Sunday, December 08, 2013
I Am The Beggar Of The World Landays from Contemporary Afghanistan Translated by Eliza Griswold
I Am The Beggar Of The World
Landays from Contemporary Afghanistan
Translated by Eliza Griswold
Copyright © 2014 by Eliza Griswold
Farrar, Strauss and Giroux
New York, New York
Hardbound, $24 (tentative),147 pages
Review by Zvi A. Sesling
I call. You’re stone.
One day you’ll look and find I’m gone.
The teenage poet who uttered this folk poem called herself Rahila Muska. She lived in Helmand, a Taliban stronghold and one of the most restive of Afghanistan’s thirty-four provinces since the U.S. invasion began on October 7, 2001. Muska, like many young and rural Afghan women, wasn’t allowed to leave her home. Fearing that she’d be kidnapped or raped by warlords, her father pulled her out of school after the fifth grade. In her community, as in others, educating girls was seen as dishonorable as well as dangerous. Poetry, which she learned from women and on the radio became her only continuing education.
Thus begins the introduction to this most compelling book of two line poems called “landays.” A landay, according to Ms. Griswold, “has only a few formal properties. Each has twenty-two syllables: nine in the first lines; thirteen in the second. The poem ends with the sound of ma or na. Sometimes landays rhyme, but more often not.”
And with these two explanations begins an astounding volume of poetry with two line poems which while are often jokes or insults, reflect the heart as in:
Unlucky you who didn’t come last night,
I took the hardwood bedpost for a man.
Embrace me in your suicide vest
but don’t say I won’t give you a kiss.
My love is a suicide bomber who stalks
the home of my heart and waits to attack.
These poems show the insight of women as in the first poem where the woman taunts the man for not making love. The second poem explains that the woman would rather be blown up than lies told that she won’t kiss her lover. While the third says the man cannot confront her directly.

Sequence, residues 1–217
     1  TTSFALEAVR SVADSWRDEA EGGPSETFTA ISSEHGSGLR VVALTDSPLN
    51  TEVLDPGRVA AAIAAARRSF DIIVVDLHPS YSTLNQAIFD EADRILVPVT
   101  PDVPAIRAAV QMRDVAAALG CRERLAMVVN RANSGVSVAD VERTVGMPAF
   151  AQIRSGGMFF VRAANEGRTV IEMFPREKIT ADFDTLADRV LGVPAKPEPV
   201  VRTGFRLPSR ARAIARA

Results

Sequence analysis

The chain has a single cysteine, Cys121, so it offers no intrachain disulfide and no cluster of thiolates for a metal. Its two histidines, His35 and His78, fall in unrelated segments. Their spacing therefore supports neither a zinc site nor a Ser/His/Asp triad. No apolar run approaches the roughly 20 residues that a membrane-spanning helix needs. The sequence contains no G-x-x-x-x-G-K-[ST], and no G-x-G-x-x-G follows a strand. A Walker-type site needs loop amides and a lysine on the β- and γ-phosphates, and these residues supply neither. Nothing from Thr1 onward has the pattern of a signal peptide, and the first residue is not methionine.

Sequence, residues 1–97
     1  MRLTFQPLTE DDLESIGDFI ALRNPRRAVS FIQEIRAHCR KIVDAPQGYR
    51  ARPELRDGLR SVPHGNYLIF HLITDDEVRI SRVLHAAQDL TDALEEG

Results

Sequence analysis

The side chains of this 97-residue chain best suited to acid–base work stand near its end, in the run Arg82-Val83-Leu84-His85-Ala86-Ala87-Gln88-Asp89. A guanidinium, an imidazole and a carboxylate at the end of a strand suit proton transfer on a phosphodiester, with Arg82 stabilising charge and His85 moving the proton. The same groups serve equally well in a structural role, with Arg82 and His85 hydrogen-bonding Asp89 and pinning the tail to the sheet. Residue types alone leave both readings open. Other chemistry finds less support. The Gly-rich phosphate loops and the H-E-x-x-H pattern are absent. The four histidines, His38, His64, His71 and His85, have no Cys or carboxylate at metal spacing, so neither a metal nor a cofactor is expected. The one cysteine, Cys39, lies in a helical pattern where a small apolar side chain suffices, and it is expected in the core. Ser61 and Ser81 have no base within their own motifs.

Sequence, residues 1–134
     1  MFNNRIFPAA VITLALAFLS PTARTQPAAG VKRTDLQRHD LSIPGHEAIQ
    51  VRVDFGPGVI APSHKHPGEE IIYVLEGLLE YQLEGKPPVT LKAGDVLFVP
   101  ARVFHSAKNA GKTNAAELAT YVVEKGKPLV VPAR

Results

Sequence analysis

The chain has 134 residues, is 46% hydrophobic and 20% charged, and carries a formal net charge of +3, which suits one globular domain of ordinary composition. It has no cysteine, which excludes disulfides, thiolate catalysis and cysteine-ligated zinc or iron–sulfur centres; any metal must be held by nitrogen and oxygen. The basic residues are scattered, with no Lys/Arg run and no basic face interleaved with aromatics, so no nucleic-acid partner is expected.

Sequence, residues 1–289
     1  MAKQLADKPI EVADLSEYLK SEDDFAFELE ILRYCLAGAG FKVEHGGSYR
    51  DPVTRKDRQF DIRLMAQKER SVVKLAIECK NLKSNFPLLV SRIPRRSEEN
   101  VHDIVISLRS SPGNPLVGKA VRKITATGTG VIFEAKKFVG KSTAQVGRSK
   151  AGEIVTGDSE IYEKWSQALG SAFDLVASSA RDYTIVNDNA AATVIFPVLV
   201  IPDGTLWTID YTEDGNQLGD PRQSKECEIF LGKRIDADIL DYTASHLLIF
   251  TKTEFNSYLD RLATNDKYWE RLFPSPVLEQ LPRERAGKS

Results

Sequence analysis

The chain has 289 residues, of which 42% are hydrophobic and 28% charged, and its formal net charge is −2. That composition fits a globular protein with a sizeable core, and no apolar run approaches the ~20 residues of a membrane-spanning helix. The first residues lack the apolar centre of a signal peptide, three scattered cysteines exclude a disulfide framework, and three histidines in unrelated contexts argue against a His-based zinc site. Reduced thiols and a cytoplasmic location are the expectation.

Two landays regarding American forces in Afghanistan show that race can be a factor:
My lover is fair as an American soldier can be.
To him I looked dark as a Talib, so he martyred me.
Because my love’s American,
blister blossom on my heart.
In the first the obvious is that the white American soldier cannot distinguish his Afghan girlfriend from the Taliban and so she expects to be killed by him during a battle. Griswold notes that in this landay American replaced British when England controlled Afghanistan in the 1800s. In the second landay Griswold points out that American replaced the word liar. And so you see, even American lovers are viewed poorly by Afghan women.
There are many more landays in this compilation. They deal with war often in a fantasy such as the ones which put down Russia and America or which hope to destroy President George W. Bush even if they know it will not be accomplished, though they consider themselves victorious over Russia and see the same for America.
This is an exciting, thought provoking collection of two line poems, with commentary by Griswold and photographs by Seamus Murphy that put faces and places to the Afghanistan battlefields. A highly recommended volume for those interested not only in the events, but the people—especially the women—of this far off battleground.
Zvi A. Sesling
Author, King of the Jungle and Across Stones of Bad Dreams
Editor, Muddy River Poetry Review
Publisher, Muddy River Books, Brookline, MA
Editor, Bagel Bards Anthology 7
Editor, Bagel Bards Anthology 8